For Muslims, dates are one of the quintessential food consumed during Ramadhan.
Madina Dates Rotab Rothana is a product from the holy city, Madinah Al- Munawwarah, Saudi Arabia.
Dates go through four stages of development prior to it being fully ripened. First, the chimri stage – green, hard, and bitter with 80 per cent moisture and 50 per cent sugar.
Next is the Khalal stage – still hard, the colour changes to yellow, orange or red. The sugar level increases, most of it sucrose.
Then the Rutob stage – half-ripe; soft, light brown, the distinctive yellowish skin of this acorn-shaped date is very creased, and because of the crystallised sugars they contain can be slightly crunchy.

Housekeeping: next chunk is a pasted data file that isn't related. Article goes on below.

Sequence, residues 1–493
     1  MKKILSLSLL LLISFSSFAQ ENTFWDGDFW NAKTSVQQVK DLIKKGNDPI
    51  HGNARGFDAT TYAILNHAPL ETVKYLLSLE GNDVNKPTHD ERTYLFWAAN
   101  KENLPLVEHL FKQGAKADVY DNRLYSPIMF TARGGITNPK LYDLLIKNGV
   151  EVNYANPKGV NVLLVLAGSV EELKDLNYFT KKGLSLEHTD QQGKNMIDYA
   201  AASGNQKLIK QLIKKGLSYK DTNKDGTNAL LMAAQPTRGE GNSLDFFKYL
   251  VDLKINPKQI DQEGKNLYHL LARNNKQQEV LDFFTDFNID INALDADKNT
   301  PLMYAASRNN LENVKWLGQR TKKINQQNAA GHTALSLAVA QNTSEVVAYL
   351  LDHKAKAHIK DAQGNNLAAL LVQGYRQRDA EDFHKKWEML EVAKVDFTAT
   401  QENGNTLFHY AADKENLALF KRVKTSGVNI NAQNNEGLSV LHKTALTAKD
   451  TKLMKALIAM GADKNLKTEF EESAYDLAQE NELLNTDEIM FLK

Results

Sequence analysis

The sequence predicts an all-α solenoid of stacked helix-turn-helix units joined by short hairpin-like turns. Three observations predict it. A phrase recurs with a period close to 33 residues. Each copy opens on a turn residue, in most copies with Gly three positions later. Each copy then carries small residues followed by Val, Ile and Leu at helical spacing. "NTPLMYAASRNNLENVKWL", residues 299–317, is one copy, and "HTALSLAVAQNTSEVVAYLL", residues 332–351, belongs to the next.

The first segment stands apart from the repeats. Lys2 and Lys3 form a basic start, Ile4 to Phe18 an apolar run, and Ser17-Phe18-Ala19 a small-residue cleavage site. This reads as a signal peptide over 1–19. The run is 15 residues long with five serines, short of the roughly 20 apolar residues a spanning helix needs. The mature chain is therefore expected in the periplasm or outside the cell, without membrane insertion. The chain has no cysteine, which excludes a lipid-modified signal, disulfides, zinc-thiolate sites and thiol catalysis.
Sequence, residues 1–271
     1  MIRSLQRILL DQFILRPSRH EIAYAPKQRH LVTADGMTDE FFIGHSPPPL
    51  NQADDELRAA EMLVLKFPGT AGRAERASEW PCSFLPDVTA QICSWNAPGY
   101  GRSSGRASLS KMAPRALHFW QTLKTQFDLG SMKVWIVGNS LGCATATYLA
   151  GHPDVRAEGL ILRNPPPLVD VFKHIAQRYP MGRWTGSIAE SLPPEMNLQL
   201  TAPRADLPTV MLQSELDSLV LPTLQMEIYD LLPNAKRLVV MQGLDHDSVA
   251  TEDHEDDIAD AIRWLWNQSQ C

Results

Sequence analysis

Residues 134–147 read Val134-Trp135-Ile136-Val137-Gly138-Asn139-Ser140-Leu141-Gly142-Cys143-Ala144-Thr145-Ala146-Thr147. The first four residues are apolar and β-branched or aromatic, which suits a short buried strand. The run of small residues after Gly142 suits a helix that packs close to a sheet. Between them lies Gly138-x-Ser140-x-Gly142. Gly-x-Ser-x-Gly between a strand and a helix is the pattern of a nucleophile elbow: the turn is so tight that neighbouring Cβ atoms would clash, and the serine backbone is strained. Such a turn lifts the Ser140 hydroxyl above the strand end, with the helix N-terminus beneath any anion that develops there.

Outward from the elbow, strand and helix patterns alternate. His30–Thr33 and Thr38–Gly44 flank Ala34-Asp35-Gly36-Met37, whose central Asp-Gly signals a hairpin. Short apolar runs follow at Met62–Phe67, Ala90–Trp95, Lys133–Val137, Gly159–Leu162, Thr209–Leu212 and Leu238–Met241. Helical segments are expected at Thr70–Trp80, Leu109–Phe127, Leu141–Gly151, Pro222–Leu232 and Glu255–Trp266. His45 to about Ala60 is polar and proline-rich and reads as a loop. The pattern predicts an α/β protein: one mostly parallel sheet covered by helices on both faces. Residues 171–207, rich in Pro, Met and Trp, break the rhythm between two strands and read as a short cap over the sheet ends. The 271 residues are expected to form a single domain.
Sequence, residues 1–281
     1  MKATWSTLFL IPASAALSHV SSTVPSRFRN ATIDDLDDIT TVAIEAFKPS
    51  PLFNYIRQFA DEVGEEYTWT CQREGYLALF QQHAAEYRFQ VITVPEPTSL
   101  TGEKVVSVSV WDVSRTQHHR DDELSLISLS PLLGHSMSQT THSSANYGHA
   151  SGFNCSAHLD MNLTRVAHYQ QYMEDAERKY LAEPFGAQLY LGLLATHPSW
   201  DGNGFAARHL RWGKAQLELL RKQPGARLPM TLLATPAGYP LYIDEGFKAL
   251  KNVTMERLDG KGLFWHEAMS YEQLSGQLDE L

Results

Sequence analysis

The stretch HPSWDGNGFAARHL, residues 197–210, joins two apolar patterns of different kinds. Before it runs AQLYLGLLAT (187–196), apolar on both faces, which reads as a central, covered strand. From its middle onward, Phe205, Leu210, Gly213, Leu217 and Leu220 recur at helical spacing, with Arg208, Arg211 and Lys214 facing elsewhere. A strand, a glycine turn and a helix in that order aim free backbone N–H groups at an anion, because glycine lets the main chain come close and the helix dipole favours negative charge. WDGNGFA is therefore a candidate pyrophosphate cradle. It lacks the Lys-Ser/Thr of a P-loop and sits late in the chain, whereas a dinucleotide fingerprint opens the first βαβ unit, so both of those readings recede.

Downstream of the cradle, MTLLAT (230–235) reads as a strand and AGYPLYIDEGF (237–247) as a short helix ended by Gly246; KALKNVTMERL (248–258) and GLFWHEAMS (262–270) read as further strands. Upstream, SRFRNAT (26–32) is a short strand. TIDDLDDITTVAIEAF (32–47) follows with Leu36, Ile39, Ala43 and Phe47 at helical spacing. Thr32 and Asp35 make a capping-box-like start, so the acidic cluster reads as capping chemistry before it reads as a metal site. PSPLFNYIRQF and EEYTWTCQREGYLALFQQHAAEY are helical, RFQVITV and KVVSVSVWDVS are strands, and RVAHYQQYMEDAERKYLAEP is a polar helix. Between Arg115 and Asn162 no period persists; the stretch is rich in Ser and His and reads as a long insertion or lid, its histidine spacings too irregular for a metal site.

Finally, the Tamar stage – ripe and soft dates, brown to black brown.
Eating Rotab during the breaking of fast is a Sunnah of Prophet Muhammad (pbuh).
Anas ibn Malik narrated: “The Messenger (pbuh) of Allah would break the fast with fresh dates (Rotab) before performing Salat. If there were no fresh dates then (he would break the fast) with dried dates, and if there were no dried dates then he would take a few sips of water.”
Dry dates have less moisture and keep for a longer period of time. Meanwhile, fresh dates have a lesser shelf life of up to eight to 10 months. Frozen dates can keep for up to two years.